It’s important to match the performance and characteristics of the vehicle with the needs of the buyer. The same is true for filters. A woodworking facility processing sawdust that generates large dust particles probably doesn’t need a filter that is designed for fine dust capture. Likewise a plant that is processing carcinogenic materials will need to be very efficient at capturing microscopic dust particles. One measure that can be helpful in determining which filters are more efficient at capturing fine dust particles is called a MERV Rating.
The term MERV is an acronym which stands for “Minimum Efficiency Reporting Value”. MERV Ratings are numerical values assigned to filters that assess the particle size efficiency or PSE of a given filter material. PSE is the average particle size that is captured by the filter after several filtration tests are performed. Testing involves filtering various size particles from microscopic dust particles to larger particles such as sawdust or pollen through the system to measure filter efficiency.
The higher the MERV rating, the better the filter is at capturing very small particles of dust. For example a filter with a MERV rating of 20 would be able to efficiently capture nearly 100% of all microscopic particles such as viruses, smoke and carbon dust whereas a filter with a MERV of 4 efficiently captures 20% of pollen, dust mites and other larger dust particles.
How does MERV Rating affect my dust collector’s performance?
A higher MERV rating does not necessarily mean that the filter is going to capture more dust or improve performance for your application. The key factor in deciding which MERV rating will maximize your collector’s performance and efficiency at the best value is to look at the size of the dust particles in your work environment. Applications that filter large particles of dust such as wood dust or metal dust are not going to see a big improvement in efficiency and performance by using higher MERV rated filters. MERV ratings should be considered carefully if the dust being captured is very small. In applications where smoke is being filtered off a plasma cutter for example you may see a big difference in performance and efficiency by selecting a filter with a higher MERV rating.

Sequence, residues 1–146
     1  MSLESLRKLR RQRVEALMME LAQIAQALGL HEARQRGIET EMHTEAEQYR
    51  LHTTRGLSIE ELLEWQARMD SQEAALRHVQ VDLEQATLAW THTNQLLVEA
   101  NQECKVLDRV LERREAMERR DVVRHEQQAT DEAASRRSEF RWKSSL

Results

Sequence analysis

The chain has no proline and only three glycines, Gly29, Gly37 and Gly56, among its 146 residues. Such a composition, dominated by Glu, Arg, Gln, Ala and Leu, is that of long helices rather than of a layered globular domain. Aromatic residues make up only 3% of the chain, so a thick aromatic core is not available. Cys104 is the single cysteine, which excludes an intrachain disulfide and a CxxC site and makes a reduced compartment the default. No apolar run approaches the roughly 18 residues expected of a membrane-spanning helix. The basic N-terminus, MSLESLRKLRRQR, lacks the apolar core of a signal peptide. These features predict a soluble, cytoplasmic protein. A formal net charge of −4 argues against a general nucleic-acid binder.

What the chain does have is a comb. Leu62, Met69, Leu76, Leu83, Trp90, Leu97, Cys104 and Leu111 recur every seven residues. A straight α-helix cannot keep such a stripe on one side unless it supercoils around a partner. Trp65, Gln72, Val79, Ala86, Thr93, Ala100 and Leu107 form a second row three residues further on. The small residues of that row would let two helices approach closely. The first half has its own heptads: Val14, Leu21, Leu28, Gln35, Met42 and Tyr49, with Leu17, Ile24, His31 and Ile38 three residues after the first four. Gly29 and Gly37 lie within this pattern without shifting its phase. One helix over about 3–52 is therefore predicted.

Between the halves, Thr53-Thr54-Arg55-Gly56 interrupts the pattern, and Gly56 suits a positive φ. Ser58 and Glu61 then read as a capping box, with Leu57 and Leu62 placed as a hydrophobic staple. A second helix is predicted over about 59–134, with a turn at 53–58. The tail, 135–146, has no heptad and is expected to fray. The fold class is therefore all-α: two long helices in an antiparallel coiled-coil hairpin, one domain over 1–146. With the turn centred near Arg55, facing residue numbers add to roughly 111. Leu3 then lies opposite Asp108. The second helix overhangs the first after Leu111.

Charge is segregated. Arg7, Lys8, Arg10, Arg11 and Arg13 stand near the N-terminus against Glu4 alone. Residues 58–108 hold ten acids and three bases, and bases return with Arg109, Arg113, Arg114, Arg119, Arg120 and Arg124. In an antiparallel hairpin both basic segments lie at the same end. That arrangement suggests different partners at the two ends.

We offer filters for every MERV rating filter and can help you choose the right filter for your application that will get you the best performance at the best price and efficiency. To learn more, download our FREE Guide and MERV Rating Application Chart by completing the form or call us today at 888-221-0312.
Choosing the correct dust collector filter media for your dust collector bags is an important and sometimes difficult process. Filter bags come in many different materials from woven to felted and more. The first step is to consider what type of application and dust collector the filter bags will be used for and the work environment. This will help you understand which bags will give you the best efficiency and performance for your unique application. Narrow down your options by looking at the following key factors:
• Temperature – do your bags need to withstand extreme temperatures?
• Product – what are you filtering?
• Chemistry – can your bags withstand the chemical make up of the dust particles?
• Resistance- is the filter media able to resist the wear and tear of the dust?
• Particles – what is the size of the dust particles that are being filtered?